Lumpentour #3

Sorry to keep you waiting for so long since the last leg. People kept asking me for a light. Long story.

You didn’t get mugged or nuthin’, did you? Good. Let’s get moving then.

***

It’s slicker than I remember (2011)

Elizabeth Shopping Centre! I can remember when it was John Martin’s instead of Myer, but alas, John Martin’s went belly up at the end of the 1990s. They were one of the better employers in retail, too.

Of course, they’re all up against the wall now, about to be shot to bits by online sales.

(Dear upper management; it’s service provision that’s the issue, not the employees, nor the things you’ve been obsessively tweak-and-squeezing for the last decade).

How this place has changed… It’s all so shiny.

I can remember an episode here once after work, in ’97 or ’98, when public smoking restrictions were first being implemented. In the thickest, most nasally affected Strine, Miss Bogan announced to all and sundry, ‘The Sissem wun stomme frumm smokin’ wereawanna [fark fark fark!]’. And it didn’t, or at least it didn’t for as long as I watched her light up and puff her fumes indoors.

Who says you can’t fight The Sissem?

Never saw her again, mind you. Maybe she’s hidden in an abandoned bank somewhere, pickled in a barrel. Continue reading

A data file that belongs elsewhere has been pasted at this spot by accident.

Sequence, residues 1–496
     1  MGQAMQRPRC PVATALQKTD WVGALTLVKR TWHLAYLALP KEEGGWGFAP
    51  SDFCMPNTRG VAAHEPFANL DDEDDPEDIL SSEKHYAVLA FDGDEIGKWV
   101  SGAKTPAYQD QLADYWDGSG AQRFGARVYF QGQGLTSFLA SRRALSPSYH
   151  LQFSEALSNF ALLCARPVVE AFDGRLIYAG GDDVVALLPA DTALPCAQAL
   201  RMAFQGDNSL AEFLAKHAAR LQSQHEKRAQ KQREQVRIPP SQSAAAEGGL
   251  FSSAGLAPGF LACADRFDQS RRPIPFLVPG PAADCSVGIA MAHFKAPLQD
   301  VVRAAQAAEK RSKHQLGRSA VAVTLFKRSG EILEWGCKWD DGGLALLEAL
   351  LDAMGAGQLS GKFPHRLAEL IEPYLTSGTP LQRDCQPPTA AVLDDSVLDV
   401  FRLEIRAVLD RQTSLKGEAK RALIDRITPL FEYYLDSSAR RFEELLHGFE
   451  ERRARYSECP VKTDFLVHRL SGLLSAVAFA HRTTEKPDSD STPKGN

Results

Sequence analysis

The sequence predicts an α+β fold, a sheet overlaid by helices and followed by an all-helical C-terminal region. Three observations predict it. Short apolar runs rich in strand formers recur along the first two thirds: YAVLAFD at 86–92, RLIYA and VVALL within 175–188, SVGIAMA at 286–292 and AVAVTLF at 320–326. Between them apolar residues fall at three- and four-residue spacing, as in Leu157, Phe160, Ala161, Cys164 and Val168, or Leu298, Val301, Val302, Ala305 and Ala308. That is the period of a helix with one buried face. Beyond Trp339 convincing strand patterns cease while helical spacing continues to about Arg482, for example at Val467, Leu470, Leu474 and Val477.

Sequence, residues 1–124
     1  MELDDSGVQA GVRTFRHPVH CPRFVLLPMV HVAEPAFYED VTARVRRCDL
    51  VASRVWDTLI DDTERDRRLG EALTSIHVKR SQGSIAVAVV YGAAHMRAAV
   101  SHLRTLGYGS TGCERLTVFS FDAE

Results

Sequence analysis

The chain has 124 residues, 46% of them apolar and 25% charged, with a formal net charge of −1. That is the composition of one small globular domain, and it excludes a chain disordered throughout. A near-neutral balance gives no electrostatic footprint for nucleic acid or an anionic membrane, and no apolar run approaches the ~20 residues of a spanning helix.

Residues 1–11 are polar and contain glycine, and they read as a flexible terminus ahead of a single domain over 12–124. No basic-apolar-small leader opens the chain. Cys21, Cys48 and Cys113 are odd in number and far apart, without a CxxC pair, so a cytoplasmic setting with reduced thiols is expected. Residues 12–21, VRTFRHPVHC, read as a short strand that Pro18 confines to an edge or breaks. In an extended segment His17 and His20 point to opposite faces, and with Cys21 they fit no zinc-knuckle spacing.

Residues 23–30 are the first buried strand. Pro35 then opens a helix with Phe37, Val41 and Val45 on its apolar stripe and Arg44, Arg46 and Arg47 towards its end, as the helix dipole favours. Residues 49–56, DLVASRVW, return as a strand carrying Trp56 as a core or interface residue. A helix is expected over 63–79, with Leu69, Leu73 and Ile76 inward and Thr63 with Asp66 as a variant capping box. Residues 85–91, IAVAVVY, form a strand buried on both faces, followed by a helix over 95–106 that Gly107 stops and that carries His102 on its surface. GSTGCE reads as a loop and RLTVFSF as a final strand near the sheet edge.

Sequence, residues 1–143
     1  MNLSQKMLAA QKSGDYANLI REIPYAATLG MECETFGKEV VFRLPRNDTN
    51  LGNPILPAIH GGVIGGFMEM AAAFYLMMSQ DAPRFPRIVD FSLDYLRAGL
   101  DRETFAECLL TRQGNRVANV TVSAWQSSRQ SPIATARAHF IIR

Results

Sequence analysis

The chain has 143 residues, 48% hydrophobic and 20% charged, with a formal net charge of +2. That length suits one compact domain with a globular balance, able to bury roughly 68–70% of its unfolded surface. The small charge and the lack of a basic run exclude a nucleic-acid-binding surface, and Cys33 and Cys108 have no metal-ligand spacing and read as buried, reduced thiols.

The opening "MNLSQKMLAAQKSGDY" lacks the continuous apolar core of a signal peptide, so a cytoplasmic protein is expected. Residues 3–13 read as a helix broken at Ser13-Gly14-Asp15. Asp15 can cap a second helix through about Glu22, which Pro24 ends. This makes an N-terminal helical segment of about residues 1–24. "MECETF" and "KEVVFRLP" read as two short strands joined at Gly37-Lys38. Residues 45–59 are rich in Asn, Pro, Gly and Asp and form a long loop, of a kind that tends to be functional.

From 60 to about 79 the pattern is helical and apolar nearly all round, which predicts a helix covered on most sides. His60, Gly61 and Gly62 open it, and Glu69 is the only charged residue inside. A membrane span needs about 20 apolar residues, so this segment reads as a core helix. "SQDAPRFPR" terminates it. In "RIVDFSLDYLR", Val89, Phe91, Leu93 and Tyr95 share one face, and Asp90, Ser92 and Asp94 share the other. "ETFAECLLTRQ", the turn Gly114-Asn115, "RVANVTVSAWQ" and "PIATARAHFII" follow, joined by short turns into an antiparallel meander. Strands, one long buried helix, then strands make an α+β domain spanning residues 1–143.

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Lumpentour #2

Okay, I’m back. You didn’t get into any trouble since I left you last time?

Maybe you did… Stiff bickies. It’s Elizabeth. Let the tour continue.

***

High Voltage! (2011)

And some people leave their kids playing next to this…

I could hear something arcing while I was taking this photo. And I could have sworn the sound was closer to the gate than anything else.

Anyway, this being bogan territory, if you’re going to continue this tour of the way I used to walk home from work, maybe you’d like to pop in some earphones and strut to something suitably ridiculous. High Voltage!

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Lumpentour #1

Something I don’t think I’ve emphasised, or affirmed enough, is my grounding in the working class. Possibly with the exception of the years of my youth between 1988-1991 (a period of relative comfort ultimately conspired against by family break-up and the effects of high interest rates), I couldn’t in any way be reasonably accused of having had a middle class lifestyle.

I’m not ashamed of this.

To convey a little bit about myself to you, in this respect, allow me take you on the first stage of a photographic tour of a portion of my own working class history.

***

Out back of the Exide factory, Elizabeth West (2011).

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